Climate change adaptation in the agriculture sector in Europe

Jacobs, C.; Berglund, M.; Kurnik, Blaz; Dworak, T.; Marras, Serena; Mereu, Valentina; Michetti, Melania


Key messages:
Climate change has an impact on European agriculture in a number of ways. Climate change has already negatively affected the agriculture sector in Europe, and this will continue in the future. Future climate change might also have some positive effects on the sector due to longer growing seasons and more suitable crop conditions. However, the number of climate extreme events negatively affecting agriculture in Europe is projected to increase.
A cascade of impacts from climate change outside Europe may affect the price, quantity and quality of products, and consequently trade patterns, which in turn may affect agricultural income in Europe. Although fodder and food security in the EU will probably not be an issue, the increase in food demand could exert pressure on food prices in the coming decades.
The EU strategy on adaptation to climate change and the common agricultural policy have enabled adaptation actions in the agriculture sector. The new proposed common agricultural policy for 2021-2027 has adaptation as a clear objective, which could lead to EU Member States having to increase their financing of adaptation measures in the sector.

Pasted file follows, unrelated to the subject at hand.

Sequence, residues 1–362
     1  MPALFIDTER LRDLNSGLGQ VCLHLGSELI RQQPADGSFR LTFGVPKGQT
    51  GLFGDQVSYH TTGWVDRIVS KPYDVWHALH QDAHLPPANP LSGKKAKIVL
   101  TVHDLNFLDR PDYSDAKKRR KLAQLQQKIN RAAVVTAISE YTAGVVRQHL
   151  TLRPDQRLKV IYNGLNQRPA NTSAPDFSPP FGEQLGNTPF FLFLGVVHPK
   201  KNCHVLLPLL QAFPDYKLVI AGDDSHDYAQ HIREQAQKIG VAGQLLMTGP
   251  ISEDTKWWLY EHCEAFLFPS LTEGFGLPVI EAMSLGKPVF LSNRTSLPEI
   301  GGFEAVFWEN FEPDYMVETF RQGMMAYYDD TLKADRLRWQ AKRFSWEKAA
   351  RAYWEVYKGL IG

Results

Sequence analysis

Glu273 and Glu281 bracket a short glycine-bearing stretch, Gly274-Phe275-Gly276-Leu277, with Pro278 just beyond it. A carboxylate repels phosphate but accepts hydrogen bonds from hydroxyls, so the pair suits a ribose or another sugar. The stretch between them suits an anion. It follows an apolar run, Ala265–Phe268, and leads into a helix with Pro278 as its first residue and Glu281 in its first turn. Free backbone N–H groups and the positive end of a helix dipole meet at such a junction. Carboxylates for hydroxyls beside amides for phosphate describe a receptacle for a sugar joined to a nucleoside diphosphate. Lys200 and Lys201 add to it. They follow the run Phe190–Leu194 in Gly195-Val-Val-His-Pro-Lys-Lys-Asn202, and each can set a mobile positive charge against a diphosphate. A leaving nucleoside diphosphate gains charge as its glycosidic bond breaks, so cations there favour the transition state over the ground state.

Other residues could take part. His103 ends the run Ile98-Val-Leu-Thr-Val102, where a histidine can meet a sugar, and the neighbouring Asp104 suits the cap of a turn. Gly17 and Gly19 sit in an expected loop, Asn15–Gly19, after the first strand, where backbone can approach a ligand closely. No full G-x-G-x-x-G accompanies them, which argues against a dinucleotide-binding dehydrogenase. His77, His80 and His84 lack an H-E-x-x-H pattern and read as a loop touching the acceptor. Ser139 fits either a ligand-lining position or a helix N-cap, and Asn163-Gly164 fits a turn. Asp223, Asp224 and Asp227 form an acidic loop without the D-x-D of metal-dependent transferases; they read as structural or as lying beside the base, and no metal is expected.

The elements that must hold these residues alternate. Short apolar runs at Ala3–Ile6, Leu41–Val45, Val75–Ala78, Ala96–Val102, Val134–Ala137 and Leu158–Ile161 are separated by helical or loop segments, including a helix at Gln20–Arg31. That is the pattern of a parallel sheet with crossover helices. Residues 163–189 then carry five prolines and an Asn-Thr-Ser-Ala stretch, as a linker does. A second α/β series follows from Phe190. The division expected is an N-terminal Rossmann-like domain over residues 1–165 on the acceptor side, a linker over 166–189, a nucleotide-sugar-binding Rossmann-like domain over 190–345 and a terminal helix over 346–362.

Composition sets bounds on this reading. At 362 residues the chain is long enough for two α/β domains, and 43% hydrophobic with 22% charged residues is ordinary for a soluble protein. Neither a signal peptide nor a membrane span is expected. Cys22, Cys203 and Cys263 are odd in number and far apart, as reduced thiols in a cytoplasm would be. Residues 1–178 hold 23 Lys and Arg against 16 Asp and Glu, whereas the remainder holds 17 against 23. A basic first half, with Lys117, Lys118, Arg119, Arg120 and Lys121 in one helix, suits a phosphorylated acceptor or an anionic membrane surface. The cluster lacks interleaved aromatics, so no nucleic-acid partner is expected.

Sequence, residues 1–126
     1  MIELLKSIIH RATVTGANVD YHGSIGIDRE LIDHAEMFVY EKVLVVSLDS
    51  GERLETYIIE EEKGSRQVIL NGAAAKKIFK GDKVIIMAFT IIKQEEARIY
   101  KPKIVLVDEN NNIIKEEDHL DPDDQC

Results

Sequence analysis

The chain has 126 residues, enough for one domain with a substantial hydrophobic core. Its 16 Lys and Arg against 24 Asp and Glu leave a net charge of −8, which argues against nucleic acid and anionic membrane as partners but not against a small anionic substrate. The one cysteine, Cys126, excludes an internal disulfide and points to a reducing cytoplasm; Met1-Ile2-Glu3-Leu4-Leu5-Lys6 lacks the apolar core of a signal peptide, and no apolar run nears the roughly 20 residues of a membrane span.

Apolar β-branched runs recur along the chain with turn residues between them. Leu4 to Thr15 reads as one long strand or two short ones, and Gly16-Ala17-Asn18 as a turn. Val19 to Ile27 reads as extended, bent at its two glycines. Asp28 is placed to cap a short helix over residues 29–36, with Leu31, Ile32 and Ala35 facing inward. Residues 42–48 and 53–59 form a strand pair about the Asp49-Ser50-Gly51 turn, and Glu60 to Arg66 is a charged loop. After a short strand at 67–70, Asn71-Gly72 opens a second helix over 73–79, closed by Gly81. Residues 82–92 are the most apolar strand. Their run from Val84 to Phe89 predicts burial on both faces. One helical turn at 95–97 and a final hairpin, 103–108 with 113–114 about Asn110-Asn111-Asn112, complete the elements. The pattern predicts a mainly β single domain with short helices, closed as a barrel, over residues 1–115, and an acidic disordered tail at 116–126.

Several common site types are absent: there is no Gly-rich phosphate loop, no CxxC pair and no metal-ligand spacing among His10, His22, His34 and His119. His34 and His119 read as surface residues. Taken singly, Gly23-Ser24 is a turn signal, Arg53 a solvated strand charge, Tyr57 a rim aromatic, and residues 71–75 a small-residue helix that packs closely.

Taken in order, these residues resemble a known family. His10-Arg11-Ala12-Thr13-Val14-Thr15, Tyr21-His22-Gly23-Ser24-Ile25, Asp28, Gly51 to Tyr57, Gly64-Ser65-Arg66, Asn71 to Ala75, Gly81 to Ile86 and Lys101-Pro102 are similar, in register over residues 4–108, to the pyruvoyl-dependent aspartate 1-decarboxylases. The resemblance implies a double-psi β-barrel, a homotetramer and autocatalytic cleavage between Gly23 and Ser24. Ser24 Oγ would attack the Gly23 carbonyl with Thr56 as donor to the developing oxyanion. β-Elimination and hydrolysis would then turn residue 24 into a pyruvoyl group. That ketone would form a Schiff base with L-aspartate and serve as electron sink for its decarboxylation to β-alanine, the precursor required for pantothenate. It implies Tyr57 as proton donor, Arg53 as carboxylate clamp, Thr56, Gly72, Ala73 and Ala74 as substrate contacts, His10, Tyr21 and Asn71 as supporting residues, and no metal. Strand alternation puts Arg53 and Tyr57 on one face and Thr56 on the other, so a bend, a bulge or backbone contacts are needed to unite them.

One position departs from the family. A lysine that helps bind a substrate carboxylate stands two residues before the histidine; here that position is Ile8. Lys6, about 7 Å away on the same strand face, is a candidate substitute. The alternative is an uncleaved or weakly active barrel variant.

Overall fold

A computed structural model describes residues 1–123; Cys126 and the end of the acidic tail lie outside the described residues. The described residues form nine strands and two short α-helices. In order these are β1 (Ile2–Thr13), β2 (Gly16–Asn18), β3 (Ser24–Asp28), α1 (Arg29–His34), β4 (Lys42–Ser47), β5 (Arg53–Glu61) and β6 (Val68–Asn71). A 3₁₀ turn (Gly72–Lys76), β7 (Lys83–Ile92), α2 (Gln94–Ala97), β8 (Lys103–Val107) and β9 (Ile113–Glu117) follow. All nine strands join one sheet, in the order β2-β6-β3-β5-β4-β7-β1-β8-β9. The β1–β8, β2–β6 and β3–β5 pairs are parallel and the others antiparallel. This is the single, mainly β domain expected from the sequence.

The EU Member States have defined the agriculture sector as a priority in their national adaptation strategies or national adaptation plans. Measures at national or regional levels include awareness raising, practical measures to decrease the impacts and risks of extreme weather events, or risk-sharing strategies, and developing and implementing infrastructure for irrigation and flood protection.
There are opportunities for implementing a wide variety of existing measures at farm level that aim to improve the management of soils and water, which can provide benefits for adaptation, mitigation, the environment and the economy. However, adaptation at the farm level, in many cases, does not take place because of a lack of, among other things, resources for investment, policy initiatives to adapt, institutional capacity and access to adaptation knowledge.